Dickey, Christopher. Securing the City: Inside America's Best Counterterror Force -- the NYPD. New York: Simon & Schuster, 2009.
Brzezinski, Washington Post Book World, 1 Feb. 2009, notes that the author chronicles the creation of "an elite and controversial counter-intelligence unit within the NYPD" following the 9/11 attacks. He also "offers a scathing critique of the federal counter-terrorism system from a comparative, and in many ways competitive, perspective." New York Police Commissioner Raymond Kelly hired David Cohen, "a senior CIA administrator," who built a "600-person unit." The book "contains a wealth of detail that would have been extremely difficult to obtain from typically less forthcoming federal agencies." However, he "might have dug a little deeper in addressing the persistent but vague allegations in Washington that the NYPD counterterrorism unit cuts legal corners and that some of its methods are unconstitutional."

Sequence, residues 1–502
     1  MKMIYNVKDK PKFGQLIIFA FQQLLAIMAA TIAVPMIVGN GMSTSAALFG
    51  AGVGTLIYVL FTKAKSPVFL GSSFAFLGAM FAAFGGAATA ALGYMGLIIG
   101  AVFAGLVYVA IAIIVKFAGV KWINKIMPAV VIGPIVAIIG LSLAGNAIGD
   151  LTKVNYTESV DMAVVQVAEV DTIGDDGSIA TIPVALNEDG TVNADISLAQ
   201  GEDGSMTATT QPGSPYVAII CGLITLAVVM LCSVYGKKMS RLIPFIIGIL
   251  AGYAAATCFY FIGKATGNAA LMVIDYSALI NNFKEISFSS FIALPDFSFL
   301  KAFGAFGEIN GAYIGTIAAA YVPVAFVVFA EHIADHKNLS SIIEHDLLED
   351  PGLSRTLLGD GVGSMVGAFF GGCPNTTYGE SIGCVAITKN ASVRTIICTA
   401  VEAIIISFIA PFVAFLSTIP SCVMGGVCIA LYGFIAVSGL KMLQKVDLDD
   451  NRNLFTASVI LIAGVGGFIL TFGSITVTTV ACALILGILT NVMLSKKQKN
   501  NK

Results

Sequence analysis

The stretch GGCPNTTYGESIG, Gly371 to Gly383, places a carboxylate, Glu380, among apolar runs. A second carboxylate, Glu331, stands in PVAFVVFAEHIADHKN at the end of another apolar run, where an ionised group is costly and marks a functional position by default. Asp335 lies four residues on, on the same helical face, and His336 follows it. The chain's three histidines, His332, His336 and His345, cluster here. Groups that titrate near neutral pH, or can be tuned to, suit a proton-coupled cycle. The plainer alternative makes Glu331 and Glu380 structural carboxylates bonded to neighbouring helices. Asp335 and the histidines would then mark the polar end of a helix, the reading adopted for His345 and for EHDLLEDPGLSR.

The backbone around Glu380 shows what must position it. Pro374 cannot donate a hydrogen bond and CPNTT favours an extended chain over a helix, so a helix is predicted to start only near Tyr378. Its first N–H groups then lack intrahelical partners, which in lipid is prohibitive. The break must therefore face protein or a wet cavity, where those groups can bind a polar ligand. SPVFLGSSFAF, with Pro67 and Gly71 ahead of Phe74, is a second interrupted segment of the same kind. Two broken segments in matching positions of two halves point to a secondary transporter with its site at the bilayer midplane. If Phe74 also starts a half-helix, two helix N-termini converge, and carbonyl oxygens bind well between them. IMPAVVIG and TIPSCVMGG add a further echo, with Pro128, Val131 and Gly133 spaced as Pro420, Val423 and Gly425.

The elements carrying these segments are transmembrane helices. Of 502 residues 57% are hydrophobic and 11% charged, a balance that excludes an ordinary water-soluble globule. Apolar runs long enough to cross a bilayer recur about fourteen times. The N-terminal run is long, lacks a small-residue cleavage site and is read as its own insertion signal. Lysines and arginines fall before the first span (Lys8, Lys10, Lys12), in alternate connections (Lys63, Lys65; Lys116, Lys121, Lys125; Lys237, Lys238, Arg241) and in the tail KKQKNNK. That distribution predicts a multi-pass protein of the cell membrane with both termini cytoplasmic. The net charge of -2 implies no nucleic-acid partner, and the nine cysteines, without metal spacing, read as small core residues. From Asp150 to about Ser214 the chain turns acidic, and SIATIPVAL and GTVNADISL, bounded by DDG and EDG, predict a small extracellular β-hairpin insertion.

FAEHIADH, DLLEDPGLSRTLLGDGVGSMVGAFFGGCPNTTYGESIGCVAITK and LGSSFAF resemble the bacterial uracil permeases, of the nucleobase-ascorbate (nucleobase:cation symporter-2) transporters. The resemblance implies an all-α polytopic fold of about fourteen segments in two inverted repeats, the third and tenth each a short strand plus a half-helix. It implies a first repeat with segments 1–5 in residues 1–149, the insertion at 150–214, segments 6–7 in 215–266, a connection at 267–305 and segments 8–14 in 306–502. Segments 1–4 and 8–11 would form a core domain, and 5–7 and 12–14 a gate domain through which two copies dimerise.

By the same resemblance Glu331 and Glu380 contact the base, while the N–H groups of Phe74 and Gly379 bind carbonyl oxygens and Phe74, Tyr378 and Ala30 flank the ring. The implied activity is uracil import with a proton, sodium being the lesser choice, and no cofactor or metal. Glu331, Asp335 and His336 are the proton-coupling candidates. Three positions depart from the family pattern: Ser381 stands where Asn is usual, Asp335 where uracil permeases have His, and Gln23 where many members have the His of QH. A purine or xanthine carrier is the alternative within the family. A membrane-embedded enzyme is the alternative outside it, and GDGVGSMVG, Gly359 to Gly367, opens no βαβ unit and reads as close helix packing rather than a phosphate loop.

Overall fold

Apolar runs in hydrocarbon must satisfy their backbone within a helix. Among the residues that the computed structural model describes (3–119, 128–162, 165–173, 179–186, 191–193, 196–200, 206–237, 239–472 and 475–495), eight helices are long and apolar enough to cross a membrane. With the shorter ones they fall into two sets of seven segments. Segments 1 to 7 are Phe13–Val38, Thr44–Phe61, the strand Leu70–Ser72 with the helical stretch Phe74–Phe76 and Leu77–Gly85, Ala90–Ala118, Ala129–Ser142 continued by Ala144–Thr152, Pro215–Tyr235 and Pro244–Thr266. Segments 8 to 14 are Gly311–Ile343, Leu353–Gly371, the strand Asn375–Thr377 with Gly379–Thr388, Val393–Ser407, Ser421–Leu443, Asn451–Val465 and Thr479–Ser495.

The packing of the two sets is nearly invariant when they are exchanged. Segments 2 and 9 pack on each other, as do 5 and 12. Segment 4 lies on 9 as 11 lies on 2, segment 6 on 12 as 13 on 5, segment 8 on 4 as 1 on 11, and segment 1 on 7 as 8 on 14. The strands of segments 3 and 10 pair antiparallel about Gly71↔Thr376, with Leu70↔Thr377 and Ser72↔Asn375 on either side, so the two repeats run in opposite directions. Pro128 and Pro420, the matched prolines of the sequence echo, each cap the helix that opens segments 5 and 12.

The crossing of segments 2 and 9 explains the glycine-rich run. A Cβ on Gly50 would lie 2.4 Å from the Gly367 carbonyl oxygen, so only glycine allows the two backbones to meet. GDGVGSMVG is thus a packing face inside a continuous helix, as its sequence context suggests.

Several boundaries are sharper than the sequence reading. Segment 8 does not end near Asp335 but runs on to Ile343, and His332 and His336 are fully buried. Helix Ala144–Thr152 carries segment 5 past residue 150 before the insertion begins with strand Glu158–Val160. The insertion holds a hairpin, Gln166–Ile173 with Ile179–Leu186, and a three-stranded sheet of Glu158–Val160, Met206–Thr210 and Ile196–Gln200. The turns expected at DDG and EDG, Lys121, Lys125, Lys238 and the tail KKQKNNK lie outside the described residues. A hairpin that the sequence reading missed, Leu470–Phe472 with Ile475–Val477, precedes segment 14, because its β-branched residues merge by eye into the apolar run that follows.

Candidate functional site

For Garber, Studies 54.2 (Jun. 2010), this work "is engaging and edifying when describing details of how this unique expansion of a local law enforcement agency was envisioned and carried out. Unfortunately, Dickey doesn't do that often enough." The book's "major inadequacy" is that the author "virtually omits treatment of the deep-seated conflicts between the NYPD's Intelligence Division and its Counter Terrorism Bureau." Although the writing is clear, the language "at times veers toward the hackneyed"; and the book "has no apparent organizational scheme. In addition, the sparse endnotes are employed virtually randomly."
Dickey, Christopher. With the Contras: A Reporter in the Wilds of Nicaragua. New York: Simon & Schuster, 1987.
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